At the begining research was performed in two main parts: (A) Biotechnology – biochemical analyis and gene cloning & expression of microbial steroid bioconverting enzymes, and (B) Medical molecular genetics – genetic analysis of monogenic diseases. As concerning part A (Biotechnology), the idea was to clone two key enzymes for steroid glucocorticoid bio-production, one from bacteria (steroid 1:2-dehydrogenase) and one from filamentous fungi (steroid 11β-hydroxylase), and join and express both proteins in a single host organism. This was a kind of »metabolic engineering«, scientific methodology preceding the modern »synthetic biology«. Namely, introduction of OH-group at 11β-position of the steroid molecule is crucial for glucocorticoid function of steroid hormones, while introduction of a 1:2 double bond into A-ring of the molecule can significantly reduce the undesired mineralocorticoid side effects. Thus, joining these two reactions would mean construction of a biotechnologically relevant microorganism. The 1:2-dehydrogenase was successfully cloned in 1993 [Drobnič K. et al. (1993): Improved purification of steroid 1:2-dehydrogenase from Nocardia opaca and partial characterization of its cloned gene sequence. Biochem. Biophys. Res. Commun. 190: 509-515], but the complex cell membrane-associated fungal 11β-hydroxylase, belonging to cytochrome P450 enzyme systems, was not. Instead of this, the CYP enzyme family was studied in detail in the context of fungal pathogen – host plant relationship, and in 2002 experimentation was substantially transfered from MCMB to the National Institute of Chemistry (partner of the joint interinstitutional program Functional Genomics and Biotechnology for Health, P1-0104; 2004 – 2014), where furthermore benzoate 4-monooxygenase (BPH) was cloned from the experimental fungus and research was then oriented to considering this cytochrome P450 as potential new target for antifungal treatment and therapy [e.g. Podobnik B. et al. (2008): CYP53A15 of Cochiobolus lunatus, a target for natural antifungal compounds. J. Med. Chem. 12(51): 3480-3486; Berne S. et al. (2012): Virtual screening yields inhibitors of novel antifungal drug target, benzoate 4-monooxygenase. J. Chem. Inf. Model. 52(11): 3053-3063].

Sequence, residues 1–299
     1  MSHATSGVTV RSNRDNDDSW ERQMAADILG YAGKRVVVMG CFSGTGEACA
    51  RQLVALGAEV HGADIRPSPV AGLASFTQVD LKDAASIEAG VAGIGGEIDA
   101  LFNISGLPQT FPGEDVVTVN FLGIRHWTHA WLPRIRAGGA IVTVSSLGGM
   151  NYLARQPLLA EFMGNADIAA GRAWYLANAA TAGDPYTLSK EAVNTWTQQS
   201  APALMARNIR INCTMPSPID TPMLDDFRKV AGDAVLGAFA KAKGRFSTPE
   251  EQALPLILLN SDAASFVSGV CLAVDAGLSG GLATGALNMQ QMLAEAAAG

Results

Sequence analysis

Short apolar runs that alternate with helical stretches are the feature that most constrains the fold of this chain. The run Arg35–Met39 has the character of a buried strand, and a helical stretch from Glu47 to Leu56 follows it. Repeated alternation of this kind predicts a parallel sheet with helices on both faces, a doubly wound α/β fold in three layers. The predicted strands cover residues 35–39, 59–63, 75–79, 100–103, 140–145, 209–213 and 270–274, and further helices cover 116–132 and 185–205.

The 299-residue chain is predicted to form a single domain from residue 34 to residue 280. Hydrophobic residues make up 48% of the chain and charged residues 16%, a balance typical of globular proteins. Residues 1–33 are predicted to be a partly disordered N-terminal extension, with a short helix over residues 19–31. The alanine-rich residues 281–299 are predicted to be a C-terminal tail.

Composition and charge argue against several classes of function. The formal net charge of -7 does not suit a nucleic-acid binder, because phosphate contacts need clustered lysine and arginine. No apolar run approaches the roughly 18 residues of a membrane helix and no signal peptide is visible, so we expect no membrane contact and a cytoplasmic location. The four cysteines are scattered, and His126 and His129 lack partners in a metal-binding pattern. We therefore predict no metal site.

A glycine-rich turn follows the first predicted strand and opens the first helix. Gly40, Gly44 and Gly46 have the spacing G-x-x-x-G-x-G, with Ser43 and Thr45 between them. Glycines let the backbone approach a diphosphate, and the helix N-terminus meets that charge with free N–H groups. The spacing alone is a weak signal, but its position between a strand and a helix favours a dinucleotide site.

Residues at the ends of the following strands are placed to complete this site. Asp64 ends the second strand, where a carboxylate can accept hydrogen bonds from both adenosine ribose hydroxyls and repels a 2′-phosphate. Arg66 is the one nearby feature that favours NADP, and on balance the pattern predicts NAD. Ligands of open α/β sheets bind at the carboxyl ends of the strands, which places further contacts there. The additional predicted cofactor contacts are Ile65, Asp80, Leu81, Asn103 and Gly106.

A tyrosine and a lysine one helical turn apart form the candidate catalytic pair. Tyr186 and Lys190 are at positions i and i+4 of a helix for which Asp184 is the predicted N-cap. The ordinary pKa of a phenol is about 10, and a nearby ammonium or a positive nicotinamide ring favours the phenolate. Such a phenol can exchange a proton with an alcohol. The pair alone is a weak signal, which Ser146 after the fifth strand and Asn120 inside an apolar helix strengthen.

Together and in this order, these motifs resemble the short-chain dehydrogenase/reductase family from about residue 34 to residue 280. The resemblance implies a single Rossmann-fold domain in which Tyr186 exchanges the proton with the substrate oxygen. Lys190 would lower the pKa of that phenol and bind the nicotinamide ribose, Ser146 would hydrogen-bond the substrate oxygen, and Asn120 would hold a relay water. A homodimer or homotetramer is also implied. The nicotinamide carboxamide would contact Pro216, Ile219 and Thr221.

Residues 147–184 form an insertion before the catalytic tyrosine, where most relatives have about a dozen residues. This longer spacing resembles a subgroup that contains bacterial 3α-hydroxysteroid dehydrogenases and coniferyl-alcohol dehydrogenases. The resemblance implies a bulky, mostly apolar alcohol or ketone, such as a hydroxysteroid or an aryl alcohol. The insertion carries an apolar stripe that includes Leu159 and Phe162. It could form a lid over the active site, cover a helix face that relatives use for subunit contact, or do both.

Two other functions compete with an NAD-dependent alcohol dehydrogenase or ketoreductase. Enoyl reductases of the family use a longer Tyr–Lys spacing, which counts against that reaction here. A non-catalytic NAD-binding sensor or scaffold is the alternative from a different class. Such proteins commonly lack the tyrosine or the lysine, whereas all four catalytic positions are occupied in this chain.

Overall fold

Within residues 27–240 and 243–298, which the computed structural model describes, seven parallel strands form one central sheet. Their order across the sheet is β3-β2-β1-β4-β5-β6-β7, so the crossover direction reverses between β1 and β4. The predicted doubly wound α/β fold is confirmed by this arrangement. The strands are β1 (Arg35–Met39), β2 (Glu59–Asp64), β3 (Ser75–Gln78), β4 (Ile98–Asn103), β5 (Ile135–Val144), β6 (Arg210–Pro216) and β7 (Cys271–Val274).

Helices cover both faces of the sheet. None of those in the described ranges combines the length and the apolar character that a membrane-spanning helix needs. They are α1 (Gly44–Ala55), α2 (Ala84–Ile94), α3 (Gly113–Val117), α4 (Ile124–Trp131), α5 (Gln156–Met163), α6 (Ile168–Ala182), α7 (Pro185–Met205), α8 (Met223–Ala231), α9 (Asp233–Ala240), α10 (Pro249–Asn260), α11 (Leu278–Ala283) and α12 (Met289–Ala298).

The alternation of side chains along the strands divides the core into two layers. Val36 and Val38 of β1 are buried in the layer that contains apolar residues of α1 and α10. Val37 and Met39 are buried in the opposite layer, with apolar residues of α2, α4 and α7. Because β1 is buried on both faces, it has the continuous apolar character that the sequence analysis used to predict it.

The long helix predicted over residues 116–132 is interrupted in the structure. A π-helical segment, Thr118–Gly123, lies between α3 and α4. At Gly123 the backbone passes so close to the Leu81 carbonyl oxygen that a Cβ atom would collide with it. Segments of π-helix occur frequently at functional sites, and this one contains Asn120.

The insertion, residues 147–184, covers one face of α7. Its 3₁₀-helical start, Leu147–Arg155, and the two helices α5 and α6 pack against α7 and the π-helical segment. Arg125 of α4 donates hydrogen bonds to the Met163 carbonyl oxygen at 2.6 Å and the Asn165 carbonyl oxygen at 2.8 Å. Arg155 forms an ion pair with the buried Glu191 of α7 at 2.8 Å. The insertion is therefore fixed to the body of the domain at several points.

As concerning part B (Medical molecular genetics), first genetic disease studied by genetic analysis (1988 – 1994 – 2000) was monogenic disease cystic fibrosis (CF), in collaboration with Gyneacological Clinic UKC (Prof. Srečko Rainer, Prof. Nina Canki Klain) and Paediatric Clinic UKC (Prof. Milan Štrukelj), and with beneficient support from the Medical Faculty in Verona, Italy (Prof. Pier-Franco Pignatti). In August 1990 we joined the worldwide Cystic Fibrosis Genetic Analysis Consortium and in the years to follow a systematic mutation analysis of Slovenian CF population was performed, the results shared with other European and wider populations, and molecular genetic analysis was introduced as a first molecular diagnostic procedure to our clinical institutions (i.e. Gyneacological clinic for CF). In the following years some other monogenic diseases (such as haemophilia A, adrenal hyperplasia, polycystic kidney disease, skin keratin disorders, and osteoporosis) were studied in the same way and findings translated to diagnostic procedures, education and support in building molecular diagnostic laboratories at clinical, research and university institutions. In addition, together with the Institute of Forensic Medicine at the Faculty of Medicine we also pioneered population genetic analysis and genotyping for individual identification (2001 – 2005). However, from 2000 great part of research gradually moved to more basic research on molecular basis of complex diseases such as psychatric disorders (eating disorders, suicide) and cancer (lymphoma, gastric adenocarcinoma, HNPCC, glioblastoma). In the last period (from 2010) functional genomic approach (transcriptomics, proteomics) as well as global SNP analysis & GWAS were introduced to the study of molecular roots of cancer, and to the study of genetic background of suicidal behavior. Recently, the bulk of research is focused to the search of proteomic biomarkers of cancer stem cells by using the nanobody-based reverse proteomics approach.